29.02.-17.03.2024 i will be in Spain searching guitars. During this time my shop will be closed.
The golpeador is a plastic tap-protection sheet, which is glued on the guitar soundboard to protect it against the taps (golpes) from the right hand. It can vary according to your tastes
Instructions are provided below about how a golpeador should be attached to a guitar soundboard. I would like to thank my neighbor and friend of many years Sascha Nowak, who taught me with a lot of patience how to attach a golpeador professionally. He is also shown in the pictures here. He is a real artist and one of the best guitar builders I know.
The golpeador protects the soundboard against taps, which are required when you play using flamenco technique, and scratches. Shellac-polished soundboards are especially sensitive and consequently need to be protected, but lacquer cannot withstand the continual tapping (golpes) on the soundboard without visible traces either.
You first have to take off the strings (you can leave them attached at the bridge). Then you have to clean the soundboard and ensure that it is free of grease. Careful with shellac! Do not use any solvents containing alcohol; otherwise the shellac can be dissolved. Then take a golpeador and check on which side the thin protective foil is, which protects the glue. To do this, simply pull on one corner with your thumb; then you can see immediately on which side the thin protective foil separates. This side should be placed face down. On the upper side, mark the side that will be adjacent to the bridge using a felt pen, the markings of which can be wiped off again. If we mix up the sides, the cutout for the sound hole will not be in the right place.
First, take a bit of adhesive tape; the best would be masking type, which is used during painting. Then create small squares from it by taping several layers of the tape on top of one another and cutting out squares. Using the squares, mark the position of the golpeador at the bridge bracket. Leave at least 1 mm of space to the bridge bracket, because lacquer often accumulates there and the golpeador does not adhere cleanly.
We glue two small squares on the bridge for the distance to the back and one above on the soundboard; it should be flush with the bridge at the top. Then there is sufficient space at the top for golpes without danger of damage to the soundboard. The normal golpeador, which is approx. 20 cm, then runs down approx. 1 cm past the bridge, which suffices to protect the soundboard from golpes with normal flamenco technique. If someone uses golpes in an undisciplined manner, I recommend purchasing an extra large size (22 cm) to protect the soundboard down to the side.
Then outline the length using a ruler. The golpeador normally extends to the middle of the sound hole.
Take a round object to mark the corners, e.g., a roll of tape or a glass. I find that it looks nicer when a golpeador is smoothly round at the corners, and consequently I always use an object with a large radius. But you can also make only slightly rounded edges. That’s a matter of taste.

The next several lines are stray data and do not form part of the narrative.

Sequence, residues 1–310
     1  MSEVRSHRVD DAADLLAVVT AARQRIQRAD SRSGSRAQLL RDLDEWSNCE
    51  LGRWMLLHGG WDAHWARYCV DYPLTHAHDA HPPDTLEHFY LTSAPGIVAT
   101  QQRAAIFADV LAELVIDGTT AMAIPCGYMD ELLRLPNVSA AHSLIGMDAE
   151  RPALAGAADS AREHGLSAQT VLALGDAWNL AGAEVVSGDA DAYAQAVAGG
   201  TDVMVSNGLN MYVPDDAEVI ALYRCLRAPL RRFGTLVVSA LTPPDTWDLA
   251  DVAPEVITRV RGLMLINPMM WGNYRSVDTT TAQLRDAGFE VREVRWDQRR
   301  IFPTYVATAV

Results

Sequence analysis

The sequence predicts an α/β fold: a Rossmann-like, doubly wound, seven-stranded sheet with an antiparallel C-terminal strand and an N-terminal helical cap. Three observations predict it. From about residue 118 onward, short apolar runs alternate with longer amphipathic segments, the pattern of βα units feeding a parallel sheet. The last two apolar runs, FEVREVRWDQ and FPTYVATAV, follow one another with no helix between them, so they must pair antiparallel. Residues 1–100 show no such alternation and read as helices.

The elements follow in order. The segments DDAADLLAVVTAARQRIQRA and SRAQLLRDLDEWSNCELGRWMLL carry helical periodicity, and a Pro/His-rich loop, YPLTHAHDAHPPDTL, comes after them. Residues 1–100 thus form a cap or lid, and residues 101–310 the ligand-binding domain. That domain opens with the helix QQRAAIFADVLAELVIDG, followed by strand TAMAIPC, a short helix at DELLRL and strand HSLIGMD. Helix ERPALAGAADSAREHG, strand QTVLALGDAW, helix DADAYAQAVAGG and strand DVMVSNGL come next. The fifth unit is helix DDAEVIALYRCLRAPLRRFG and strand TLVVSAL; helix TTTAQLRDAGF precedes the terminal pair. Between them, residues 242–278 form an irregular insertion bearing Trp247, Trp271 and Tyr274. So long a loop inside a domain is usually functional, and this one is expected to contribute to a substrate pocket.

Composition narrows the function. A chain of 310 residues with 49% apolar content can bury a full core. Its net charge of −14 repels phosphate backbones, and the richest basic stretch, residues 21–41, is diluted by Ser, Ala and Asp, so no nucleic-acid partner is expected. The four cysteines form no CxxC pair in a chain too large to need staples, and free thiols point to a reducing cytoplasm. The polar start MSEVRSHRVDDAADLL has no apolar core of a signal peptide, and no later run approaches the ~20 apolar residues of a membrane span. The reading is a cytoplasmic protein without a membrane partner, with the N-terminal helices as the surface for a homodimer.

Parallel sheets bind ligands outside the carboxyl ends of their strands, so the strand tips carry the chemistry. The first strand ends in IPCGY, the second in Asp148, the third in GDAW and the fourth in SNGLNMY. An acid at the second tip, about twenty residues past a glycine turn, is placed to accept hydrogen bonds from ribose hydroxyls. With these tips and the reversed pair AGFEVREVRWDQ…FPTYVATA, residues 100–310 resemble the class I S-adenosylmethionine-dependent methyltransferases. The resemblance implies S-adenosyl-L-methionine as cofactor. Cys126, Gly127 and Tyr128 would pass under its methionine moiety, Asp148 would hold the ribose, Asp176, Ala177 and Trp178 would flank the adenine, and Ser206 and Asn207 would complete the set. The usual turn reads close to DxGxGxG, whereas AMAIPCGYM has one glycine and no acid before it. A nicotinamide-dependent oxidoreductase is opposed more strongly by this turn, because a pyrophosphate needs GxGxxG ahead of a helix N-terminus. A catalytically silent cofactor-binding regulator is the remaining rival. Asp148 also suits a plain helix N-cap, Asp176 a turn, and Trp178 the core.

It should look like this when everything has been drawn correctly at the sound hole.
Then mark the curve using a small coin at the bottom of the bridge. The golpeador at the bridge stays straight, because it is flush with the bridge.
Then place the golpeador on a hard surface and mark the sound hole cut-out using a compass or dividers (if available). The golpe plate is thereby scratched and easier to cut out later. A pro constructs a kind of scalpel for the compass and cuts out the section directly using it. You have to work precisely when you locate the middle; otherwise the plate will not fit on the sound hole later. If you do not have a compass or dividers for cutting, you can simply use round nail clippers
Then pare the golpeador lengthwise using a ruler and a scalpel; you can also use a scissors if you don’t have anything else. However, it should not be sharp, because otherwise there will be a bump on the edge of the plate that will always be visible.
Peel off the protective foil a few centimeters for the glue on the side of the bridge, and then place the golpeador carefully on the three marked points – not too flat, so that it does not stick immediately. When you are certain that it is placed correctly (straight), rub on the back part with your finger and hold it tight. Then peel off the foil slowly further, continually rubbing on the golpeador slightly.
Caution! Once it sticks, do not pull it off again; that produces bright spots, which cannot be removed anymore. Consequently, try to work more slowly and precisely.
You did it; the foil is in place. Rub the corners using your thumb or a pice of wood involved in soft fleece or paper once more. Careful if you have a shellac guitar; if your thumbnail presses the shellac on the golpeador edge, ugly marks can result.
Any bubbles you can try to eliminate moving the tool to the edge.
With the rest of the golpeplate you can put a small piece behind the bridge to avoid an ugly mark on the top when a string rips.
Removing the Golde plate is possible with any liquide which doesn’t contains alcohol, Alcohol resolves the french polish
Thanks a lot to the guitar builder Sascha Nowak who helped me to explain it correctly and who was my handmade for the pictures.